A lifespan-extending drug has limited effects on aging
The immunosuppressive drug rapamycin has been shown to increase longevity in mice even when treatment begins at an advanced age. It is unclear if the extension of life also correlates with prolonged health and vigor.
In the current issue of the Journal of Clinical Investigation, Dan Ehninger and colleagues at the German Center for Neurodegenrative Diseases evaluated age-associated characteristics in mice treated with rapamycin. They found that rapamycin improved memory and spatial learning, reduced thyroid follicle size, and reduced body fat in older mice. However, many of these same attributes were also improved in young mice treated with the drug, indicating an age-independent drug effect.
The prevalence of cancer, a common cause of mouse mortality, was also decreased in older treated mice. The authors did find that rapamycin treatment had no effect on several age related symptoms, including cardiovascular and liver function, loss of muscle mass, strength retention, or balance.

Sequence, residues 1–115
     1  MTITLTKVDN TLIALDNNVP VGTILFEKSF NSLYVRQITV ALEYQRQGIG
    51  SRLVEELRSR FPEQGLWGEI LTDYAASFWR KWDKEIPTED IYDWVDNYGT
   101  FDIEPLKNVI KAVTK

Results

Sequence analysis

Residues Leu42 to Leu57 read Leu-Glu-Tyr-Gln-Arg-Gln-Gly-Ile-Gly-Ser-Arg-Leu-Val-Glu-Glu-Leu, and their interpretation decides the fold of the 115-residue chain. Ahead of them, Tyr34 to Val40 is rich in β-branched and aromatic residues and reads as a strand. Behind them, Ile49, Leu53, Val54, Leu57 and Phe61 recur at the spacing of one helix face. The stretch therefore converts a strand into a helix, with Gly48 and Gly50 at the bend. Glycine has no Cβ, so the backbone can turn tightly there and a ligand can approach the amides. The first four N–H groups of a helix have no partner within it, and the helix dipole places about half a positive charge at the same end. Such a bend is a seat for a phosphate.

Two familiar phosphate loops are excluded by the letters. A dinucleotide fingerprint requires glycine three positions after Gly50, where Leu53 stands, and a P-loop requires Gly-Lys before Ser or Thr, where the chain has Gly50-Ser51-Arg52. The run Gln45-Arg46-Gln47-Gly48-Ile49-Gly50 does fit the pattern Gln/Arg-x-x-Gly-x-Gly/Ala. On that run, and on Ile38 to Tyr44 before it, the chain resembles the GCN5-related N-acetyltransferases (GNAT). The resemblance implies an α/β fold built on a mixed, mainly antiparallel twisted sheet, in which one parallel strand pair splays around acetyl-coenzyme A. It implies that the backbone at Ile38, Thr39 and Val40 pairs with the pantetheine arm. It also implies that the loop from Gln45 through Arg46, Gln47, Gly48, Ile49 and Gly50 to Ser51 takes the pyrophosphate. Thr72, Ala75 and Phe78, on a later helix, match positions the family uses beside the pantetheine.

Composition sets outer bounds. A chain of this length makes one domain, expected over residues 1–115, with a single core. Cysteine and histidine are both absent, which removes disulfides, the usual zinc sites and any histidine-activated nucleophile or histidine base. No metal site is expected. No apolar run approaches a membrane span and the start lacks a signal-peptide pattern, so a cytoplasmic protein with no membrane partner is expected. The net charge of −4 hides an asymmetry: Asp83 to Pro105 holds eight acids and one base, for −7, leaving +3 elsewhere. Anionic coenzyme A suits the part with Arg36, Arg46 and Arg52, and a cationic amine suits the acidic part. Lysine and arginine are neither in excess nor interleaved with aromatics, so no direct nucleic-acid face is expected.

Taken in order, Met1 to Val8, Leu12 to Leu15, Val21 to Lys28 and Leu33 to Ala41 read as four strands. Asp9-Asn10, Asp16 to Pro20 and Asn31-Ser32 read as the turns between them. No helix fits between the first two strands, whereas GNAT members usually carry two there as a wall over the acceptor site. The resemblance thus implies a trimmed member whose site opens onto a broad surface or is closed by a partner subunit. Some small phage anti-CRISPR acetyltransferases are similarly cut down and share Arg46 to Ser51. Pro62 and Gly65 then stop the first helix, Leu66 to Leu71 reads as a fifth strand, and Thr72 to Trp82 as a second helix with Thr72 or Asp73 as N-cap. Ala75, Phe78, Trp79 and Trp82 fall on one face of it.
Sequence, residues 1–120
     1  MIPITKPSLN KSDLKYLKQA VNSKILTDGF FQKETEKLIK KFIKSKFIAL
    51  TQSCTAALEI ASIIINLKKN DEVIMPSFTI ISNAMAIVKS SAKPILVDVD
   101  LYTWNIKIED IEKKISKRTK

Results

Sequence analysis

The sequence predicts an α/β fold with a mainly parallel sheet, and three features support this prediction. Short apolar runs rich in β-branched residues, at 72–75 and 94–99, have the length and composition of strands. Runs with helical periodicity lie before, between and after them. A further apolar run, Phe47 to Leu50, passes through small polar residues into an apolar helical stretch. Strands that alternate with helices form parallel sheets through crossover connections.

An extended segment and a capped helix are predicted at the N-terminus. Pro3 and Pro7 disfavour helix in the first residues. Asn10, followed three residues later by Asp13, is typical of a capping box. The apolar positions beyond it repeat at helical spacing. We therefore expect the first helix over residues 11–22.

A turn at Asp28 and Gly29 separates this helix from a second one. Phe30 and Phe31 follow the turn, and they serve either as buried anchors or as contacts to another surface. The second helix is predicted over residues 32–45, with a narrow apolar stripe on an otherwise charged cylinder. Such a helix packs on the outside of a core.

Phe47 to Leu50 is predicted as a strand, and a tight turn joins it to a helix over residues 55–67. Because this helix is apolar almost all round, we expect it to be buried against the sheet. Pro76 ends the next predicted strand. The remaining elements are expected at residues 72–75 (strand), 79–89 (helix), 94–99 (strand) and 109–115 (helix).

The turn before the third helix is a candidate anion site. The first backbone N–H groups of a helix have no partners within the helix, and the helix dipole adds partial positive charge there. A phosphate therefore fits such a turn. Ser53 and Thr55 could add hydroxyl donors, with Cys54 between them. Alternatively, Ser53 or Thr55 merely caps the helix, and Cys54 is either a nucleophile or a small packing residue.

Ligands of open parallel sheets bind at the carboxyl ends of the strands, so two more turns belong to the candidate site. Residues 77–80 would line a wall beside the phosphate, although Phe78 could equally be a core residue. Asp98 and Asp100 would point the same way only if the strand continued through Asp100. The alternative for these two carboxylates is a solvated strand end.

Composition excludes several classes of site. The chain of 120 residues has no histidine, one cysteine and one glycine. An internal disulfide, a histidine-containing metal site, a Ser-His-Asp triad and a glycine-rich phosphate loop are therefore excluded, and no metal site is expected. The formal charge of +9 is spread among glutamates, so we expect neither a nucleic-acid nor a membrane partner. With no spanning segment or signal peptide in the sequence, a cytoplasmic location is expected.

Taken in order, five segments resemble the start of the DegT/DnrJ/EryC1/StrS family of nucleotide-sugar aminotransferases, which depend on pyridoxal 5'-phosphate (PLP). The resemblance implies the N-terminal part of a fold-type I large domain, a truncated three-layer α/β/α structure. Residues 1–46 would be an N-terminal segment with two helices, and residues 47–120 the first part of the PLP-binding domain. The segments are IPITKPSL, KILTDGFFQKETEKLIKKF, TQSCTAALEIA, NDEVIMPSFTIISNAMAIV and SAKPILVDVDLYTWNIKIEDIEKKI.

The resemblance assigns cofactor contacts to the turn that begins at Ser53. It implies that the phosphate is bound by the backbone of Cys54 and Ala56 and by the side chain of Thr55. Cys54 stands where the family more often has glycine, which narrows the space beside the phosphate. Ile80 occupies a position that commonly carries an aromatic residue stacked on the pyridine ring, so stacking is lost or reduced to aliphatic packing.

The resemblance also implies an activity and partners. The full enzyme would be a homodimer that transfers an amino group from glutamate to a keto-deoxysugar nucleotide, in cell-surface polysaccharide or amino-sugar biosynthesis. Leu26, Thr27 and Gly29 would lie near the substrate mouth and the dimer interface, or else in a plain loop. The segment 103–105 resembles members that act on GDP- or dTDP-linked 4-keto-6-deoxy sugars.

These data suggest that rapamycin treatment may increase lifespan through reduction of cancer rates, and the drug may be useful for relief of some age related conditions.
In the accompanying commentary, Arlan Richards of the University of Texas Health Science Center at San Antonio suggests that clinical trials to study the effect of rapamycin on age related neurodegenerative diseases of the elderly such as Alzheimer's disease should be considered.